So, John was sympathizing with this barber about the lack of good help when the barber’s cell phone rang, and he said he had to take it. And while John is sitting there, he heard one side of the conversation, which involved statements like “What?” “Oh,” and “Um, okay,” coupled with some perplexed facial gestures.
When the barber got off the phone, he said that it was the other barber who had just called and that he was not going to be able to come in that day because — and this is exactly what he said to his boss — he had been fingerbanging his wife the night before and his hand was all cramped up and he was unable to hold a scissor.
He did not say he had food poisoning or the flu or that he had a fever, but that his hand was cramped from fingerbanging his wife.
I guess I’d like to know what other human being in the world would tell their boss this. Under what circumstance is this something you’d say to your boss when calling out sick?
And I have more questions. How does the boss ever shake this guy’s hand again without thinking of fingerbanging? How does he shake his hand, period? Forget ordering lunch and sharing French fries. That’s not going to happen. What does the boss say if he ever meets this guy’s wife? How do you look a woman in the face knowing she was recently fingerbanged so rigorously that her husband could not hold a scissor the next day? I mean, do you think to yourself, “she’s got a vagina that really likes a beating”? How do you avoid thinking that?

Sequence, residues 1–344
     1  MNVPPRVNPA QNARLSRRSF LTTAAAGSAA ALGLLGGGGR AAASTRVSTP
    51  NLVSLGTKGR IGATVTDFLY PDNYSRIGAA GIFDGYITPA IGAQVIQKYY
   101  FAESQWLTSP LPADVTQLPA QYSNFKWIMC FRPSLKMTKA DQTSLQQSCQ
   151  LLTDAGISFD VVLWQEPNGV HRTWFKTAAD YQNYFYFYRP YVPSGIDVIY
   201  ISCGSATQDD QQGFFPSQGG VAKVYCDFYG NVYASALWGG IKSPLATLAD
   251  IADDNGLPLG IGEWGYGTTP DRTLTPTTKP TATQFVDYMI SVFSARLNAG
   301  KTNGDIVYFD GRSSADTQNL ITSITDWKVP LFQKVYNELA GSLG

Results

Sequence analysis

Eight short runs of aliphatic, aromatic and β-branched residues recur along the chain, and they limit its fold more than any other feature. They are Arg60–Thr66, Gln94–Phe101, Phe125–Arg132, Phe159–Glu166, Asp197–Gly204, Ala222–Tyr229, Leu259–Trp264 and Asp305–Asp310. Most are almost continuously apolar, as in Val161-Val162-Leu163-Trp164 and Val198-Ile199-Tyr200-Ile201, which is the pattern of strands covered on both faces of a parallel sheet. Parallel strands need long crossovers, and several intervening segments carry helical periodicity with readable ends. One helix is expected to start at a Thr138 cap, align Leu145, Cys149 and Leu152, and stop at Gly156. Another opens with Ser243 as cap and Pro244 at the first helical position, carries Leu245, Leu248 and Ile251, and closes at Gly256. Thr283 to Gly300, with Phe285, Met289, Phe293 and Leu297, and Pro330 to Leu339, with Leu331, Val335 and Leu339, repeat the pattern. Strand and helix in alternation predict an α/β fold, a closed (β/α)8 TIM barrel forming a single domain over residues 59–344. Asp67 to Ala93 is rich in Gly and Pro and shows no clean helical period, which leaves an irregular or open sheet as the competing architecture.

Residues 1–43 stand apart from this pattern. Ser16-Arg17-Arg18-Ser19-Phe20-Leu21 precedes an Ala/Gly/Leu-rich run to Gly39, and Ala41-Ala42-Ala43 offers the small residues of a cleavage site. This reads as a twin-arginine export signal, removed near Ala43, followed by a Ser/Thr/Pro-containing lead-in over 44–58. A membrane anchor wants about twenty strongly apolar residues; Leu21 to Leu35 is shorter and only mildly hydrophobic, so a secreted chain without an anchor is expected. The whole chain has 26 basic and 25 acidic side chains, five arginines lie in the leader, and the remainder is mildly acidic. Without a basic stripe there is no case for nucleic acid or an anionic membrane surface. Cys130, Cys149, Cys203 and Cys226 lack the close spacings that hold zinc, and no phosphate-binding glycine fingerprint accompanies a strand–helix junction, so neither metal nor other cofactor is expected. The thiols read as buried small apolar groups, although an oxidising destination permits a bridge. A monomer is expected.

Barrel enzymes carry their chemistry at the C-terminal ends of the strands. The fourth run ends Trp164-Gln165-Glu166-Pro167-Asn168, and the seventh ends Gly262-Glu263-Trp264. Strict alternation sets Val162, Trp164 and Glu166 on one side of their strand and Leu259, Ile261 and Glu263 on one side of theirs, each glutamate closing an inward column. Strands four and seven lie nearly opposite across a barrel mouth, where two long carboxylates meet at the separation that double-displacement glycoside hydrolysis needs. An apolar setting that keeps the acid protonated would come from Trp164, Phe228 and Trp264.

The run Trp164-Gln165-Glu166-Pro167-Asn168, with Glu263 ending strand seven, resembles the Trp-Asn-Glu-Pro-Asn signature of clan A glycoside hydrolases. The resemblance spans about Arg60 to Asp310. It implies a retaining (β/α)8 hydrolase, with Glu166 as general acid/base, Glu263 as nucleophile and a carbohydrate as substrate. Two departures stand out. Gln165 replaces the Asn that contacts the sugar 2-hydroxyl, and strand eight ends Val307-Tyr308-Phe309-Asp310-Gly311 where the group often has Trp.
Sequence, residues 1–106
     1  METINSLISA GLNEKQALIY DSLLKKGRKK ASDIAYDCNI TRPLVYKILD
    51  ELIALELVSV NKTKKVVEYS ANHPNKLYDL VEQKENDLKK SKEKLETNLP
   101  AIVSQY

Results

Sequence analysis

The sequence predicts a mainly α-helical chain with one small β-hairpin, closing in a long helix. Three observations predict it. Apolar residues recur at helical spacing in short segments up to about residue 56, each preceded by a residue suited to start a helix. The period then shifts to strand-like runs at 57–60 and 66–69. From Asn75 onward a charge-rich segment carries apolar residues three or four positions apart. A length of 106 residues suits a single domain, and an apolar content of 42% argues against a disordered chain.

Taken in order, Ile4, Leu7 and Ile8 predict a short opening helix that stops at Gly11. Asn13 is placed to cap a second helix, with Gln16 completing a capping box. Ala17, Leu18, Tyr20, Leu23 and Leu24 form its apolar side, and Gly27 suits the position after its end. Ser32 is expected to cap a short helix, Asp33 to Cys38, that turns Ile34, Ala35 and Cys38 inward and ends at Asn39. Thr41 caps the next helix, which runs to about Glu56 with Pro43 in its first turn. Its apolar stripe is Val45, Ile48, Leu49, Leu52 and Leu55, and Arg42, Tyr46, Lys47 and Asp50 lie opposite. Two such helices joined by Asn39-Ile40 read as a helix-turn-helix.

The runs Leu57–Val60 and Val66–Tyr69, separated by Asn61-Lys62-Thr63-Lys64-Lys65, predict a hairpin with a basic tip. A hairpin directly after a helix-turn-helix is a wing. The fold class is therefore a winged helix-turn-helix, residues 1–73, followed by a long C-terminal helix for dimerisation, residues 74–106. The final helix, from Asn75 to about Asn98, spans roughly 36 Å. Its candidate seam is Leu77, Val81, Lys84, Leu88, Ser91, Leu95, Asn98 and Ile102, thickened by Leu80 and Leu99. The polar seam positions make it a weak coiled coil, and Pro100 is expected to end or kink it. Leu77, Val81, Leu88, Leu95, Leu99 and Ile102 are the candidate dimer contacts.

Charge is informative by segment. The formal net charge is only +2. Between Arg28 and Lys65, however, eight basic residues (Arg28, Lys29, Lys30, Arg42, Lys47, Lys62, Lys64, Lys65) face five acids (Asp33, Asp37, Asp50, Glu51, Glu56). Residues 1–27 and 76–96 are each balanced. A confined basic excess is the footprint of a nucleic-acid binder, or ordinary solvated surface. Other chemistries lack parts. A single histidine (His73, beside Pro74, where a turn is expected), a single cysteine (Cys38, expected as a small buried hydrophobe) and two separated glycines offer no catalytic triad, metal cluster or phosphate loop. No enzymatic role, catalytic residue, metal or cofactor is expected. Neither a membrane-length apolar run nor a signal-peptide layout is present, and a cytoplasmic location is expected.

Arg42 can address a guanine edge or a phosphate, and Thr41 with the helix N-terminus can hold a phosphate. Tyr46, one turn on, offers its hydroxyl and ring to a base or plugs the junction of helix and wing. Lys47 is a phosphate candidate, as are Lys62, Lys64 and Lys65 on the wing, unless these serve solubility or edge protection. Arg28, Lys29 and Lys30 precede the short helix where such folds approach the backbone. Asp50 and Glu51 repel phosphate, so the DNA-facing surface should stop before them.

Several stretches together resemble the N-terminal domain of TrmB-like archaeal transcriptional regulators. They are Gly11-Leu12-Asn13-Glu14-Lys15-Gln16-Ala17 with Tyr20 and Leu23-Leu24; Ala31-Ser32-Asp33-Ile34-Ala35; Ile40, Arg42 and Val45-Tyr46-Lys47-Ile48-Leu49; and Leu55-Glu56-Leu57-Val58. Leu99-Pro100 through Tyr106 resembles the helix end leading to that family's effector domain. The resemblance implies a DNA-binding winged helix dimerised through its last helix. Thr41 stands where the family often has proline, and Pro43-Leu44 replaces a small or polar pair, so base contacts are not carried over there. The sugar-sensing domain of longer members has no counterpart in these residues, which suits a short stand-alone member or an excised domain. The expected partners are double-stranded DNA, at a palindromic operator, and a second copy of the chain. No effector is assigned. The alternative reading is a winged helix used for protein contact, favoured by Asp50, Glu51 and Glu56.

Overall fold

Look, I have to be honest: I am not a wise person. I make a lot of mistakes. I am overly emotional. I have anxiety. I take medication for it. I am not one to be able to offer anyone useful advice.
Still, I think I am doing you all a favor by telling you that if you ever need to call out for work, do not use the excuse that you were fingerbanging your wife so hard the night before that your hand is all cramped up.
Say you have diarrhea, Ebola, huge clots from your period, or that you lopped off some toes in a tragic farming accident. I would not lead you astray. Any of those, all of those, are far better than telling your boss you have cramps in your hand from fingerbanging your wife.
Perhaps I am not the only person getting these emails from Lyft to try and induce me to drive for their company. They use the header “Get your side hustle on” to interest you in working for them.